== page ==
Leaders vs. Project Managers
Susan brings a unique background to her project management engagements. For many years she worked in store management roles at retail chains including Kmart and SportMart. Responsible for opening new stores, Hilty developed firsthand experience with the various people and complex processes that need to be setup and managed for a store to operate successfully. Susan said, “In retail, there were so many moving parts from HR, Payroll, and Finance – my favorite part was figuring out new processes on the fly and mentoring my staff to adopt those processes. We were not given exact instructions on how to open a store. We had to find the necessary resources and make sure that the goal was achieved.”
When I asked Susan how this experience related to her later work in IT consulting and project management, she said “many project managers do not understand how to synthesize varying (often small and inaccurate) amounts of information from stakeholders into a workable plan, and shepherd that plan up and down the decision chain to get things done. Being a leader adds a layer of value to the project management role.”
Building Houses Without Architects
Further along in her career, Susan Hilty developed a knack for complex mergers and acquisitions. Systems and processes were being integrated from many locations or entirely different companies. It was during this experience that she saw the need for a well-run Program Management Office (PMO). “At the time, the CFO budgeted for networked imaging software to cut document production costs and the CIO had the mandate to do software setup and installation for hundreds of users on a timeline. The only problem was, without a PMO taking ownership of the project, no one realized that we had a fleet of copiers in house that were not network capable. We had to procure all new equipment that was not a part of the original budget. If there were a functioning PMO, something that basic would have been uncovered in the project requirements assessment.”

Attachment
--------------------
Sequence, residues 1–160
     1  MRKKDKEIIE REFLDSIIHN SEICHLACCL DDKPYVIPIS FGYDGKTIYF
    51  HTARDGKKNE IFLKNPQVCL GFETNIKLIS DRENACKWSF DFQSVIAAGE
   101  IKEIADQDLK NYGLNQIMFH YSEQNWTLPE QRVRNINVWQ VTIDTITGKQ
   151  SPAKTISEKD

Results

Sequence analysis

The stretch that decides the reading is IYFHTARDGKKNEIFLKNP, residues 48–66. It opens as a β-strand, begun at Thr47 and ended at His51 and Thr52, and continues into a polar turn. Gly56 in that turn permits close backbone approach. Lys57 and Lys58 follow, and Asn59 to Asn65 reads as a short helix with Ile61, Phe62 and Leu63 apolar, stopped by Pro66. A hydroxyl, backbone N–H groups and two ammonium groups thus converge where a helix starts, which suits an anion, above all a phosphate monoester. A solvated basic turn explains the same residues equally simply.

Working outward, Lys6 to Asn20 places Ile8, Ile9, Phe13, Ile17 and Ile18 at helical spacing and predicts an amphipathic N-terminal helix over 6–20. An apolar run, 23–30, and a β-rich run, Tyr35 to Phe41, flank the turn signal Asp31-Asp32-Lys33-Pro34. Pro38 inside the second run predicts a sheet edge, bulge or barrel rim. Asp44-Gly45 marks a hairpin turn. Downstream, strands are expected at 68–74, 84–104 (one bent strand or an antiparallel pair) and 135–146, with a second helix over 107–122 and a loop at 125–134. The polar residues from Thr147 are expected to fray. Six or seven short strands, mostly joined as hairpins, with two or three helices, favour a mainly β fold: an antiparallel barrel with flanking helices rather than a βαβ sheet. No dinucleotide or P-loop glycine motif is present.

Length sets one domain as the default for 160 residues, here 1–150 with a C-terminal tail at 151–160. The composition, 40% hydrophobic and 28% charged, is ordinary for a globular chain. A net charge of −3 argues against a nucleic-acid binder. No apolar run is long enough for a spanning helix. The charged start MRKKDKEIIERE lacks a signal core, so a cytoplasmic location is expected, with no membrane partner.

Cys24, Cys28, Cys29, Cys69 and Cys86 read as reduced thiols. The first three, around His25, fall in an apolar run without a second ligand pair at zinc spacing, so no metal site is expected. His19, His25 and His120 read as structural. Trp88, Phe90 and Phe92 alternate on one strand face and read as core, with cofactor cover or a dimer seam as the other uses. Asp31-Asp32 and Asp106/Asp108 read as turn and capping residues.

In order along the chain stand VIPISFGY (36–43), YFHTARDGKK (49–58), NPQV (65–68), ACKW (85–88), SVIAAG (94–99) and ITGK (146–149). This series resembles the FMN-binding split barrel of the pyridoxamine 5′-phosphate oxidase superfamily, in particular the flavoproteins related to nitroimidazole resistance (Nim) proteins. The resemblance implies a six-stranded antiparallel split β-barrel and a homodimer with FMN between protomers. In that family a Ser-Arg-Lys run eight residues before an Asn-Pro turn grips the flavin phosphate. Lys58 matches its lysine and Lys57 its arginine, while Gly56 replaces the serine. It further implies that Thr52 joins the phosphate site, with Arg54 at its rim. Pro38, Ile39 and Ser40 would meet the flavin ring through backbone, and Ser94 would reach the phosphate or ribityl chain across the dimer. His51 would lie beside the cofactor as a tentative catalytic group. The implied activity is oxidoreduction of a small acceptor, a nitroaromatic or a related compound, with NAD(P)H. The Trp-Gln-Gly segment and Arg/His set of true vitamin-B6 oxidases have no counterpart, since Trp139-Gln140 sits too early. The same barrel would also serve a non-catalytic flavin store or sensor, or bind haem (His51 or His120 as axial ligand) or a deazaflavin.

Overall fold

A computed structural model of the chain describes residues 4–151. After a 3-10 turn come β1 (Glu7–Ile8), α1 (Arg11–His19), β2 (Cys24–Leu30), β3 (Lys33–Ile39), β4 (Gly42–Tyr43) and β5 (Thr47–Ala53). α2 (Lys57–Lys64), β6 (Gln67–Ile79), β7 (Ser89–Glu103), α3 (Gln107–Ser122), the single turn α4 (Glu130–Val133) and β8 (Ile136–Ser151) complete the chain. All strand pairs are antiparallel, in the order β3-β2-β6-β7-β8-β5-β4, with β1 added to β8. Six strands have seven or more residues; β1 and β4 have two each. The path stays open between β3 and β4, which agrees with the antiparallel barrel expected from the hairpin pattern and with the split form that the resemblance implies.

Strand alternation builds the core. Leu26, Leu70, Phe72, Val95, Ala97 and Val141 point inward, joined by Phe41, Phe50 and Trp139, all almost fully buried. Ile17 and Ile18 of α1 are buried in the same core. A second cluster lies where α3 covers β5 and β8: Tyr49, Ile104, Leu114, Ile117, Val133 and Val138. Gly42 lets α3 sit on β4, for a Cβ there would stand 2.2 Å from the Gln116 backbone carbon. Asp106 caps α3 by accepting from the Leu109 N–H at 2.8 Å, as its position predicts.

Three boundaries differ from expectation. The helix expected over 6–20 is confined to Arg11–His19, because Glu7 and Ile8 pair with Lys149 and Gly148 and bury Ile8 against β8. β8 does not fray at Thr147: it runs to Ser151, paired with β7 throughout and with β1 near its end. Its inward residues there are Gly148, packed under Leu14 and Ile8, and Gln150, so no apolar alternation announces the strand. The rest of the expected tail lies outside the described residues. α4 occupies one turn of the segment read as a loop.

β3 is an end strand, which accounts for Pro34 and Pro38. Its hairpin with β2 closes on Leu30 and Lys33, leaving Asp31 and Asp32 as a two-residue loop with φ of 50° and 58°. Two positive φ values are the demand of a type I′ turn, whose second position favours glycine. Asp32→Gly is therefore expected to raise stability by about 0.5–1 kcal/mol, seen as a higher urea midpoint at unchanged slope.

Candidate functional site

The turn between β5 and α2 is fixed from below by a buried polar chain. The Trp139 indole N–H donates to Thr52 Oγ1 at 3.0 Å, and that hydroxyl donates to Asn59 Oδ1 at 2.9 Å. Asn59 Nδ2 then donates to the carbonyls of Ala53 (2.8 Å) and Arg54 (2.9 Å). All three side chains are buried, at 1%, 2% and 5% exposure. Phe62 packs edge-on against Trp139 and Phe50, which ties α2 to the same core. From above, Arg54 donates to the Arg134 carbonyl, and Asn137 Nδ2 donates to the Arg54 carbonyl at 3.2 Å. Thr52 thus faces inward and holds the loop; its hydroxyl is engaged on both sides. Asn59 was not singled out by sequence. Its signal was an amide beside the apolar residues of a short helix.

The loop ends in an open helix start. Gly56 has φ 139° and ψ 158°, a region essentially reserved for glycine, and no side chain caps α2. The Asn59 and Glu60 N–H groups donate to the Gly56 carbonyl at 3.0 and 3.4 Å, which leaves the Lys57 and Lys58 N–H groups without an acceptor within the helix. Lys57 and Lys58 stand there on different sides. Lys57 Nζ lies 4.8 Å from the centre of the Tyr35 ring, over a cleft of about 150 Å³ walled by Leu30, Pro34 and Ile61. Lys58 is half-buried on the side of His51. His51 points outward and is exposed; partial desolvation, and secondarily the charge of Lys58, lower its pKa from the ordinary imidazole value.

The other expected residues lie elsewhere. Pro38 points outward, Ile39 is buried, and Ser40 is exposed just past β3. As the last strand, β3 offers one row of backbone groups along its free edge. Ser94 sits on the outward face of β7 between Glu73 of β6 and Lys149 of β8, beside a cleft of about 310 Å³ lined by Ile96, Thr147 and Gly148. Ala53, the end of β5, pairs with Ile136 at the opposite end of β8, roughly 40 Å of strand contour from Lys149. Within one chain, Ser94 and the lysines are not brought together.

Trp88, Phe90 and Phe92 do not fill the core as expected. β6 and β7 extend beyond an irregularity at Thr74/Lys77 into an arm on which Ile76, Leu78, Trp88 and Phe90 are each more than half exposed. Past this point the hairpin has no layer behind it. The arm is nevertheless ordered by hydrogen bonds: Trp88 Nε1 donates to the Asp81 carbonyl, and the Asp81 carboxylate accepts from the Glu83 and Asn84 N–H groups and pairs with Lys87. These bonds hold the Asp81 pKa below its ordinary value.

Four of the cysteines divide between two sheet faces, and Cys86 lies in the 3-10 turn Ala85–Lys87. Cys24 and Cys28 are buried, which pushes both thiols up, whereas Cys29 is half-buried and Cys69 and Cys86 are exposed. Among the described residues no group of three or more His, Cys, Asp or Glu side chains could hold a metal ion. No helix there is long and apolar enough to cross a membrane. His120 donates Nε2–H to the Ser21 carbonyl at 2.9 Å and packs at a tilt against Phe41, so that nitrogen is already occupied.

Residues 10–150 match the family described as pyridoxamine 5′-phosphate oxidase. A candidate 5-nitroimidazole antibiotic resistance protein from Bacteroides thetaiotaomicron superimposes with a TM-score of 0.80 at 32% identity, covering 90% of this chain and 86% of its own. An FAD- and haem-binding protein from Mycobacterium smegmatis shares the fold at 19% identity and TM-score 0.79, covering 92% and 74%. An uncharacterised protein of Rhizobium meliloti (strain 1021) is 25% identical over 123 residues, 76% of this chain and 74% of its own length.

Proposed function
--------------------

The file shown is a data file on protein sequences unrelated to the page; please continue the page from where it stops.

Susan continues to take new project assignments where different stakeholders hold elements of business requirements, software, workflow, training and finances, yet they do not coalesce into a project definition. She said, “It’s like saying you’d like to build a house. You have gotten the loan, ordered a bunch of lumber, hired a painter, and set your move-in date. When I ask what the house will look like when its done, you say you’ll let me know when it’s built.” Susan points out that houses do not get built without the involvement of a good architect and a good general contractor. In addition to their traditional task and resource allocation roles, good IT Project Managers often have to be the architect and general contractor on projects. “I often have to educate upwards, to tell the very people that brought me in to manage a project, what the vision and architecture is.”
Companies Do Not Need IT Project Administrators
Companies have a very narrow vision of what a Project Manager is. Susan Hilty feels that the companies enjoying the most IT project success bring in good project management talent early in the cycle. “I screen my engagements very closely now. There are projects out there where the PM is simply being brought in to run Microsoft Project. Those projects ultimately struggle because project management is seen as an administrative task. When the PM speaks up on architectural or strategic issues, many different decision makers must be consulted. Often the PM is perceived as slowing the project down, or business owners get upset with the questions.” When I asked her to describe her ideal situation Susan said, “When I am in early enough to ensure a proper blueprint for the project. When I can add value to the creation and adoption of new processes, I am the most effective”.
Tips for Surviving as an IT Contractor
Susan has worked with IT Staffing and Consulting firms such as Hudson IT for over 5 years. I asked Susan about what it’s like being an IT contractor in today’s economic environment. She said that her #1 tip is to always keep your own eyes open for new engagements. “The days of companies carrying a huge bench of IT consultants are behind us”, said Susan. “You can’t just stay with one firm and draw a paycheck. Be proactive in this market and keep your eyes and ears open as you get closer to the end of your contract terms. Always work with your staffing partners to see what channels are open to you, and choose projects that will continue to build your capabilities.”
I sincerely hope that Hudson IT can keep quality Project Managers like Susan Hilty on the projects they love for years to come.
- Project Management in Plain English
- Project Management Event Filled With Risk
- Going the IT Recruiter Route
- The IT Skills Shift to Vendor Management
- PM’s and BA’s in the Trenches